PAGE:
Host-Based Vs. Network-Based Firewallsby G.S. Jackson
Firewalls protect computers and networks from external attacks by regulating Internet traffic. That is, they control the data coming in and going out of a computer or network. The firewall itself can exist on individual computers or as part of the entire network, installed on a server or router. These firewalls can function similarity, but their implementation and deployment as singular or network-wide security offer strengths and weaknesses, depending on what you want to secure.
A host firewall is a software application or suite of applications installed on a singular computer. Typically, operating system manufacturers include firewall software as part of the system. This is true of Windows (post-Windows 2000), Mac OS X and many distributions of Linux (Ubuntu, Fedora and SuSE). A personal host firewall is managed on the individual computer that the firewall is installed on. Therefore, the administrator has to have access to the computer to install and configure the firewall.
A network firewall functions on the network level. This means that the firewall filters data as it travels from the Internet to the computers on the network. The firewall operates with a set of data management rules that apply to the entire network. This sets up a sort of "perimeter" for the network as a first line of defense, regulating the flow of data before it even reaches the individual computers that comprise the network.
Types of Network Firewalls
Network firewalls can function by routing traffic to proxy servers that handle data transmission on behalf of the network. A "reverse proxy" firewall will handle incoming traffic while protecting the internal network. In this scenario, the firewall, when receiving external traffic, will always route it to a determined server and disallow communication to other computers in the network. A "reverse hosting server" functions in a similar fashion, but allows you to do the same with several "sub-networks" within a larger network.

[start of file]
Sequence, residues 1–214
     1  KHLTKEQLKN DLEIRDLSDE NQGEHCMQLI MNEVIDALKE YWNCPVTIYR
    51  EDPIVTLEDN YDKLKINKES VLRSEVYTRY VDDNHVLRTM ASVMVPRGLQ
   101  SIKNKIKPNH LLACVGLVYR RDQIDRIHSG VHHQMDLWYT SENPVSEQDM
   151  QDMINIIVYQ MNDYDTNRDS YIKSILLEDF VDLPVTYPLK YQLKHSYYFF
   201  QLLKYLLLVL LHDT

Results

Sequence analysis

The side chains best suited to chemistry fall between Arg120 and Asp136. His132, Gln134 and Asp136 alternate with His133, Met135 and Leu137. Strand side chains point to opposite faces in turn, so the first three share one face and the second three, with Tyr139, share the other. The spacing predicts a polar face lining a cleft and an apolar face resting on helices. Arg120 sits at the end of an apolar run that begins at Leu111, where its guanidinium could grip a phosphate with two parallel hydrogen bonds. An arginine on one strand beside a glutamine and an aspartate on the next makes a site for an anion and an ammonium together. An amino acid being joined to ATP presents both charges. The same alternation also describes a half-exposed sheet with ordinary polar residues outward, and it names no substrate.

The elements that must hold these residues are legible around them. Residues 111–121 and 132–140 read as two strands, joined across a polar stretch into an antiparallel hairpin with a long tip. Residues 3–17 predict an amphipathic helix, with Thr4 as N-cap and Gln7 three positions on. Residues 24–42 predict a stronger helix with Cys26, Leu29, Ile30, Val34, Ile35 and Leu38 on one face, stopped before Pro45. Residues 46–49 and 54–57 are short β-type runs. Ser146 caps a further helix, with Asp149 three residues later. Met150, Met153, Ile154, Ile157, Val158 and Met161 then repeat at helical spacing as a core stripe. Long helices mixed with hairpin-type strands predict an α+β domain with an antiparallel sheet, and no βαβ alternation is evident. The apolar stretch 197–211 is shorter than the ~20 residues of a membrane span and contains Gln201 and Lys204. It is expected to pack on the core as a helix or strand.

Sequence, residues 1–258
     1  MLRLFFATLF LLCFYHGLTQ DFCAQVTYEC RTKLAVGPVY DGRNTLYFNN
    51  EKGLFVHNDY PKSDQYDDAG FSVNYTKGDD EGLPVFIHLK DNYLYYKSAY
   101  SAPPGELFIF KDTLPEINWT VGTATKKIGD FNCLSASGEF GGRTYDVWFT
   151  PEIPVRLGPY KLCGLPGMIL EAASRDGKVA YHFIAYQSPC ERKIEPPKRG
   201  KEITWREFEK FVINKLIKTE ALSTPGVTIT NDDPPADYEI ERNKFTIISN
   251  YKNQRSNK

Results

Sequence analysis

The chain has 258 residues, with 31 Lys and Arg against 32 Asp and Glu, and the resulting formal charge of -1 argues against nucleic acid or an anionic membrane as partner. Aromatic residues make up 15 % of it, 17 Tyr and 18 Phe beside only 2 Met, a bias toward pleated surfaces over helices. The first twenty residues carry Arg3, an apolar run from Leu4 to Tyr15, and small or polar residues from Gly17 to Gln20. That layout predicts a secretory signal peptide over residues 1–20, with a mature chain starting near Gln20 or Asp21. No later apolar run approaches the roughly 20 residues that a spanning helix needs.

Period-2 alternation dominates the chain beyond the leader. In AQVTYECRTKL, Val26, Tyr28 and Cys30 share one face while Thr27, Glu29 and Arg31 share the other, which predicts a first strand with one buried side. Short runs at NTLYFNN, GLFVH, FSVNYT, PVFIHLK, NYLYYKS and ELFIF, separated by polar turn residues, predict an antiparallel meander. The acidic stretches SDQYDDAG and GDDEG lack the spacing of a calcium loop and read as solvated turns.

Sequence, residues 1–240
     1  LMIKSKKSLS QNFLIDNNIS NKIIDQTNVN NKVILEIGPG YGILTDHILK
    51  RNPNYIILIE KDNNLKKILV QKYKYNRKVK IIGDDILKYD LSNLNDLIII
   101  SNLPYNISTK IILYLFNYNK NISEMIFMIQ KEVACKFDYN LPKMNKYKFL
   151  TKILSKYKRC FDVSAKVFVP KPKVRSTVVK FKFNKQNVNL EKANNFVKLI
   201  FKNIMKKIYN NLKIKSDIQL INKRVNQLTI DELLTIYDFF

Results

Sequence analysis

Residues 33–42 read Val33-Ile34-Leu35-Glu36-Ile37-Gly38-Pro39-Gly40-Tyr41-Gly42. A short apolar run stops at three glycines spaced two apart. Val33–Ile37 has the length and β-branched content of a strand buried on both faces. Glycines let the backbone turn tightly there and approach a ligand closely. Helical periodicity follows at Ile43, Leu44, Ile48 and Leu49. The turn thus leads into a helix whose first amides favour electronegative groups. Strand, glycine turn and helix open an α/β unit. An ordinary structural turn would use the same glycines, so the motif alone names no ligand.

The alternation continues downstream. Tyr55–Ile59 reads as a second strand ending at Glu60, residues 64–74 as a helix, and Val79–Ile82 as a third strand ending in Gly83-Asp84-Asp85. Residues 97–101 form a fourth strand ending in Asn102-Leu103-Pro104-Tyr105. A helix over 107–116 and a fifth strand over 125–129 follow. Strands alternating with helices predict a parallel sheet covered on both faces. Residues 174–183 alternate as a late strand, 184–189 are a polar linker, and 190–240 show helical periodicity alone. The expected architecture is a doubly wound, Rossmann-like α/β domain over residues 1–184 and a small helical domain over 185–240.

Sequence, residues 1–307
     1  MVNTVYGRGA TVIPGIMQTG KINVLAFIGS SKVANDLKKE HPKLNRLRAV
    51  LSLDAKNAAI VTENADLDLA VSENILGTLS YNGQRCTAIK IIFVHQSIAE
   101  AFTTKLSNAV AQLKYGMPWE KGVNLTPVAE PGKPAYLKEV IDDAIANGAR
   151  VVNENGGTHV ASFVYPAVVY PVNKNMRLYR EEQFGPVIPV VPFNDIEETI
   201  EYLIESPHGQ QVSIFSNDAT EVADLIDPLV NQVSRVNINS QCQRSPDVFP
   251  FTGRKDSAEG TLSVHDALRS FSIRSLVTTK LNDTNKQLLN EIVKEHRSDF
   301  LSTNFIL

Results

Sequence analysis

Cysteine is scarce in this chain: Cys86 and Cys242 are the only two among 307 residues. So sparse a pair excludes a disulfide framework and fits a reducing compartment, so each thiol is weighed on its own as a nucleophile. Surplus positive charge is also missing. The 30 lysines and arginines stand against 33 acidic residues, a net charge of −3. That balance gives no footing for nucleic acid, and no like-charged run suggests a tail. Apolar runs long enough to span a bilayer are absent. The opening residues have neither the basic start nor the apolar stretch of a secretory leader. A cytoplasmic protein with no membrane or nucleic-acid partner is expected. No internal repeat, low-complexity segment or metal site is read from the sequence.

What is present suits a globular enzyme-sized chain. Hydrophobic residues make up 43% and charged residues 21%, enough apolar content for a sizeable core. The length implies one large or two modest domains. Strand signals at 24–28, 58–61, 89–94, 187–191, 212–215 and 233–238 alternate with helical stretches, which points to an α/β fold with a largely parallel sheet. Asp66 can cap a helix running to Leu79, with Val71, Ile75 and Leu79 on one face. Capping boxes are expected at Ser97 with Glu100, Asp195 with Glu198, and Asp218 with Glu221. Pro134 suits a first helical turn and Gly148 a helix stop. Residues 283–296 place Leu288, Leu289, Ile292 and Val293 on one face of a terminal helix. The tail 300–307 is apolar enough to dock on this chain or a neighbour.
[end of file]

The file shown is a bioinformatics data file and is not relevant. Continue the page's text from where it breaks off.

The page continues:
Advantages and Disadvantages
Host firewalls can be beneficial for individual users, as they allow custom firewall rules and mobility (a laptop with a firewall provides security in different locations). However, you cannot feasibly secure a large network through individual host firewalls, necessitating a network firewall. A network firewall allows you to devise generalized rules for the entire system but does not allow as much host-level customization as host firewalls. Furthermore, network firewalls that function as proxy servers might reduce the efficiency of the network if not maintained correctly. However, these options aren't mutually exclusive; a network security system might include both host and network firewalls.
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